Ranked: 2014 Oscar Nominated Live Action Short Films
Feb 28, 2014
The 86th Annual Academy Awards ceremony will happen this Sunday, March 2nd. This week we've taken a look at this year's short film competitions. The Academy defines a short film as an original motion picture running 40 minutes or less, and excludes all advertisments, unaired or unsold television episodes, or credit sequences from feature-length films. Our critic, Shawn Hazelett, watched and ranked all of this year's Oscar-nominated shorts. In this final installment, he'll look at this year's live action category.
Dir. Anders Walter
A tender, extremely hopeful story about a hospital janitor who comforts a dying boy by inventing a magical land called Helium, a place where “broken” boys like him get fixed. Incredibly powerful at just 23 minutes, thanks in no small part to Casper Crump as the compassionate janitor and Pelle Falk Krusbæk as the little boy.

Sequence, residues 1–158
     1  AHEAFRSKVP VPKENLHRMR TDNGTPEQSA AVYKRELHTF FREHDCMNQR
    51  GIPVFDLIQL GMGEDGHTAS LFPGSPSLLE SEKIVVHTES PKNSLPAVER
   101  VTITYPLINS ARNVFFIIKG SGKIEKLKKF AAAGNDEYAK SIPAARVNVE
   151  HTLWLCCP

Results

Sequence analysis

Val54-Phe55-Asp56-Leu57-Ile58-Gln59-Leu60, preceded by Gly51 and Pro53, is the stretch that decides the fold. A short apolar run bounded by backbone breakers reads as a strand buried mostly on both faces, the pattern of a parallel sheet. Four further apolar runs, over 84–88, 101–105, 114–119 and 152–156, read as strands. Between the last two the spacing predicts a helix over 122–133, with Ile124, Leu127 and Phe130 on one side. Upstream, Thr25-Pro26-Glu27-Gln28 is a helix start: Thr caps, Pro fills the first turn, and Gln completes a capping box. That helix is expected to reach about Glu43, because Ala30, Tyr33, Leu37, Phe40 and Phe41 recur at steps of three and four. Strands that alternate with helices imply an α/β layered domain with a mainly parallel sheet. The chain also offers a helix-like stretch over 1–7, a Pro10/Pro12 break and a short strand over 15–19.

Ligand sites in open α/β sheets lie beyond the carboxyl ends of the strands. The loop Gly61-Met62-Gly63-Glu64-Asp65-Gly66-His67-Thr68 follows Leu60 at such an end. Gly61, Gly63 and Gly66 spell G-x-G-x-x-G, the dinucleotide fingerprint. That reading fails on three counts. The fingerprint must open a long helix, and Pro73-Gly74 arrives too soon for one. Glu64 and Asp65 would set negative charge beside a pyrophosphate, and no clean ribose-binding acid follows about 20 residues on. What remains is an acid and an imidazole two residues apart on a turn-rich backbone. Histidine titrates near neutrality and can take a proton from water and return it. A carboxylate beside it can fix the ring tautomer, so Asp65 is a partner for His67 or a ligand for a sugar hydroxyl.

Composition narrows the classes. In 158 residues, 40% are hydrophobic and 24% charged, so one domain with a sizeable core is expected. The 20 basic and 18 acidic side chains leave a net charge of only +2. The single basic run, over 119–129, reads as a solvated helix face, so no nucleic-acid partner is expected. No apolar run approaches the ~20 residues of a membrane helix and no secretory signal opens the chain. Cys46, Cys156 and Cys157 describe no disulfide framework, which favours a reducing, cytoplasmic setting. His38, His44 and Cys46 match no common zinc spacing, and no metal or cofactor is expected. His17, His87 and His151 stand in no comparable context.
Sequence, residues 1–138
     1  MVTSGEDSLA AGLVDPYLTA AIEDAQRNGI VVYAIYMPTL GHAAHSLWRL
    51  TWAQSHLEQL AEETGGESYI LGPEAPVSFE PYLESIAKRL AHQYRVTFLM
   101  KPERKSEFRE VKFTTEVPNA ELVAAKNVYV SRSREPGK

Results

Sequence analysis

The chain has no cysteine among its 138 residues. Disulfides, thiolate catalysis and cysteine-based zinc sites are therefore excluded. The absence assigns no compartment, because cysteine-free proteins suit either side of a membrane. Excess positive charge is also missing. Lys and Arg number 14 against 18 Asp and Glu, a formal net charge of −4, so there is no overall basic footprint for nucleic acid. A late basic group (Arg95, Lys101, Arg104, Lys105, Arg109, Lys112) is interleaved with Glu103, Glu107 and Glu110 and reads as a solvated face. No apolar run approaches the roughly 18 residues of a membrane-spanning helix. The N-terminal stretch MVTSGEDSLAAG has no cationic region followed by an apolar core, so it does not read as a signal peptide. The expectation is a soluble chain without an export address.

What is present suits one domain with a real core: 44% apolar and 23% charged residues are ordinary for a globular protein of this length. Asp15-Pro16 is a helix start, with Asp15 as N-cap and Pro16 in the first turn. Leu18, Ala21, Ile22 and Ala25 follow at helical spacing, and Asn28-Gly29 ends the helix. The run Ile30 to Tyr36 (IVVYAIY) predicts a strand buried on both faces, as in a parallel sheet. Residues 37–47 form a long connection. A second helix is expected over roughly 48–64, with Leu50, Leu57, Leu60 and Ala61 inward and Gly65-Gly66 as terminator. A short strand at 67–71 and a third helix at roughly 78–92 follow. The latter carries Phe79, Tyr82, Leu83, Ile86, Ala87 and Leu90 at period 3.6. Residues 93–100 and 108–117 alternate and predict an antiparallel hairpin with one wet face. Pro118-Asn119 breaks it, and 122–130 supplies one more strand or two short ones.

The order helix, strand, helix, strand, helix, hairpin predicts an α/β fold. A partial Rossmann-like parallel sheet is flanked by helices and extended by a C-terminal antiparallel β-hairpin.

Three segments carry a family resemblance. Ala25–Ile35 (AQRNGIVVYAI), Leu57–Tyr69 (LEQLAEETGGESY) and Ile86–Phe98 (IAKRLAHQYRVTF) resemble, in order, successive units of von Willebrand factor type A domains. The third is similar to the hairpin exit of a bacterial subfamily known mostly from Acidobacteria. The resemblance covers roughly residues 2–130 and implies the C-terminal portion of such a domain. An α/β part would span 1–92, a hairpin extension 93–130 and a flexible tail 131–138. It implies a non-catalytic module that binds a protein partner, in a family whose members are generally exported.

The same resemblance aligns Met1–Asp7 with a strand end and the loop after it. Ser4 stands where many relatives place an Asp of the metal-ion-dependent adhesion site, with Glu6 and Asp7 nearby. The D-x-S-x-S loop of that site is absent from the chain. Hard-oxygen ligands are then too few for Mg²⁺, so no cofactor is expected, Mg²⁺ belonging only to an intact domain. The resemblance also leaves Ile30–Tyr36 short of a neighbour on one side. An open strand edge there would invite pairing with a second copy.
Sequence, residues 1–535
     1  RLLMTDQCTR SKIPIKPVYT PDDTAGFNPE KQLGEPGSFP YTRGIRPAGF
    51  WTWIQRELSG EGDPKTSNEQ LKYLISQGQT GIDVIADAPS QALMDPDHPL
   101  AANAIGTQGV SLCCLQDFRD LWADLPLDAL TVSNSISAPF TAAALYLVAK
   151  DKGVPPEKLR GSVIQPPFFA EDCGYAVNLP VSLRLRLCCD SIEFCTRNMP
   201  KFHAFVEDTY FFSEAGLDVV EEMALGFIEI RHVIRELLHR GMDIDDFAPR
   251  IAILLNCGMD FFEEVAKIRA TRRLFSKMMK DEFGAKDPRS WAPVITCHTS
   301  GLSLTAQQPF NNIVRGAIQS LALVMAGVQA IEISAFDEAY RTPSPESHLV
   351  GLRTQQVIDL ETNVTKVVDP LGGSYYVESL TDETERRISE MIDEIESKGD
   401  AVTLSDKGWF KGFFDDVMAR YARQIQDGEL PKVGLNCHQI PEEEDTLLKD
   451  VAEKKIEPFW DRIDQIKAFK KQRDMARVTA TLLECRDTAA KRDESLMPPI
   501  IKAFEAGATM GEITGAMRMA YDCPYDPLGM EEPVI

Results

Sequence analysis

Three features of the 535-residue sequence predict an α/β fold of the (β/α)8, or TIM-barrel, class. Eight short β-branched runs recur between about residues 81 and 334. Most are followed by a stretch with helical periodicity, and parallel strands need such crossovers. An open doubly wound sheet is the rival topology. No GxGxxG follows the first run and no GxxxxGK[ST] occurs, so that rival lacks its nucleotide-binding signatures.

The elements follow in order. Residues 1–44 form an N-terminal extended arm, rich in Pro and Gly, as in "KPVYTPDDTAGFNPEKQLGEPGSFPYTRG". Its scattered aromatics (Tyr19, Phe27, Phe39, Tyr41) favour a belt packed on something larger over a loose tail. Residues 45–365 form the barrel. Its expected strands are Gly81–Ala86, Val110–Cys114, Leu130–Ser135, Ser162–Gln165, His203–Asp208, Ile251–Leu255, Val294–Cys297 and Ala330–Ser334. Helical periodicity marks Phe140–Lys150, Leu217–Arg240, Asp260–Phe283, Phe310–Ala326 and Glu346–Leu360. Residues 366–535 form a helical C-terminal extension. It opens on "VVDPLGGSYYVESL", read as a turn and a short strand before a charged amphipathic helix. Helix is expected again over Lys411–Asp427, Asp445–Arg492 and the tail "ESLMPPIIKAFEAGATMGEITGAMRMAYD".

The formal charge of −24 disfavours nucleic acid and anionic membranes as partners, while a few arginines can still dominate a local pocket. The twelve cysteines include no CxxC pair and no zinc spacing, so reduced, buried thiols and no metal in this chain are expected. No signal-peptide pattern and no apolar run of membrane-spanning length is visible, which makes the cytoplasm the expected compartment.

Dir. Xavier Legrand
Just Before Losing Everything
Just Before Losing Everything follows a mother on the day she decides to escape from an abusive husband and is forced to hole up with her kids in a supermarket where she works. Terrifying and tense, Denis Ménochet (the French farmer from Inglorious Basterds) as the husband haunts every scene, his eerily quiet presence masking an unimaginable explosiveness.
Dir. Esteban Crespo
That Wasn't Me
A rare fictional account of child soldiers in Africa, That Wasn’t Me offers a harrowing glimpse into the perpetual civil wars that plague the continent, exploiting and all but dehumanizing its youth.
Dir. Selma Vilhunen
Do I Have To Take Care of Everything?
After sleeping in on a friend’s wedding day, a mother scrambles to get her entire family ready only to face a series of hilarious reversals and setbacks which she blames on her husband and children, unable to see that she more often foiled by her own haste.
Dir. Mark Gill
The Voorman Problem
A psychiatrist is called to a prison to examine an inmate named Voorman, who is convinced he is god. Good ideas, production value, and the always-welcome Martin Freeman as the psychiatrist can’t overcome a story that feels incomplete, rushed, and far too ambitious for 13 minutes.